Rust and Marty aren't the only ones, though. After the break-in at his house, the Reverend Tuttle died mysteriously. Rust suspects that one of the men who participated in the Carcosa rituals killed him, before anyone could learn more about the Tuttles' involvement in the sacrifices. We also learn that the Tuttles come from a region of Louisiana where Mardi Gras is celebrated in a way that's mixed up with Vodoun and other magic rituals that involve animal masks. Everything is starting to come together: the iconography of the kills, the selection of victims via Tuttle's voucher schools, and the heavy-hitters who have orchestrated the coverup.

But how can two lowly, disgraced detectives take on the most powerful family in Louisiana? Only by throwing themselves on the sword, literally and in the court of public opinion. This is the proverbial last job for both men, but the only reward at the end is going to be death. And hopefully, as Rust says after they interview an old servant of the Tuttles', there will be no afterlife.


Sam Tuttle's Legacy

I think the most revealing and fascinating part of the episode came when the detectives interviewed an elderly woman who had been a servant in the Tuttle household for roughly two decades. She worked for Sam Tuttle, the father of the Rev. Billy Lee Tuttle and uncle of the current Louisiana governor. Unfortunately, now her mind tends to wander.

Using his best interview wiles, Rust holds the woman's hand and gently asks her about working for Sam Tuttle. Perhaps because of her dementia, the woman speaks fairly freely, rambling about how back in those days (presumably the 1950s), a man's home really was his own private domain where he could control everything. And Sam Tuttle took that to the furthest degree. He was never satisfied with a woman once he'd had sex with her once, so he had many mistresses and many illegitimate children running around on his vast, rural estate.


Then, the question we've all been wondering about: "Did one of those children have scars on his face?" asks Rust. It turns out that one did โ€” a little boy who was one of Sam Tuttle's grandchildren, a "Childress," whose father scarred the boy's face deliberately. When Rust asks the woman about the "devil catcher" stick sculptures he's drawn in his notebook, she recognizes them immediately. "You know Carcosa?" she asks wonderingly. "Him who eats time? Rejoice, death is not the end! Rejoice, Carcosa!"

This brings us back to Errol, the humble lawn mowing man from a previous episode. He's the scruffy guy who was tending grounds at one of the closed Tuttle schools. We see him again at the end of this episode, mowing a cemetery lawn in lazy, flat circles, and giving directions to the two detectives who have been interviewing Rust and Marty. "You know this place pretty well, eh?" asks one of the detectives. "My family has been here for a long time," Errol mutters to himself as the detectives zoom away in the wrong direction.


We can see a network of scars beneath Errol's thin beard. This is no vast, Satanic conspiracy nor a Cthulhonic eruption from the darkness in our civilization's past. Instead, we realize that these ritualistic murders are part of Louisiana's political history. They are woven into the fabric of its oldest families, whose legacies stretch from the governor's office, to the police force, the church, and even the lowliest meth cookers and groundskeepers. To solve the mystery of the Carcosa murders, we must understand the horrifying tangle of wrongness that is Louisiana's power structure.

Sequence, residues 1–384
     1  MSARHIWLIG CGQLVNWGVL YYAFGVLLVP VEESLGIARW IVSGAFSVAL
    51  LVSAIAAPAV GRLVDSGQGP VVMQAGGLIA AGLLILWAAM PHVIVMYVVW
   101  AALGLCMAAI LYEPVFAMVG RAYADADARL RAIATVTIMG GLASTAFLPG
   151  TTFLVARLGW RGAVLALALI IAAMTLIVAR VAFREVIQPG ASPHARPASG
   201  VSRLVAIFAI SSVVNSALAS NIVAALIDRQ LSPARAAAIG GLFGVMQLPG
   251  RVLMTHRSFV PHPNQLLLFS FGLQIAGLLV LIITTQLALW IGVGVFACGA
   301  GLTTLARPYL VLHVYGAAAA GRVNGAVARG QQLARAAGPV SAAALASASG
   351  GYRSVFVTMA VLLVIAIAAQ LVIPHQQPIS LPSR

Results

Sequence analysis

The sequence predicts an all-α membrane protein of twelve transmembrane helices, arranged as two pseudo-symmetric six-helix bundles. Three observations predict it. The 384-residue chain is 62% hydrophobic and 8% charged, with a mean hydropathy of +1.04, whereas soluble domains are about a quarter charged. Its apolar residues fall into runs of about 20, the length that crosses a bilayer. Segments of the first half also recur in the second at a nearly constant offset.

This is all very Faulknerian in a way, if you've read William Faulkner's classic novels about family history in his home state of Mississippi, Absolom, Absolom! and The Sound and the Fury. (I highly recommend that you do, if you liked True Detective.) In those novels, our main characters are struggling to come to terms with their family's horrific history, which all originated with a low-class white man named Sutpen who amassed a great fortune by capturing his own slaves and running a vast plantation.


Like Tuttle, Sutpen had crazy appetites and spawned a family full of incest, violence, and bastard children. Even though our main characters live in the 1920s and 30s, they can't seem to untangle themselves from Sutpen's pre-Civil War legacy. They are driven to suicide or worse, their minds weighted down with almost supernatural events from the deep Southern past. One of Faulkner's obsessions throughout his life was the way Southern history continued to eat away at the modern South, breaking its people's hearts and minds so completely that they could never escape Mississippi even when they moved North.

In True Detective, our characters are also struggling with the legacy of a brutal patriarch with many broken children. But unlike Sutpen, whose name is ultimately disgraced and forgotten, Tuttle's name has become synonymous with power in Louisiana. This is no black magic conspiracy, after all. Instead, the tragic truth that our detectives discover is that evil comes from all-too-real people in positions of authority. There is no Carcosa. There is only Louisiana.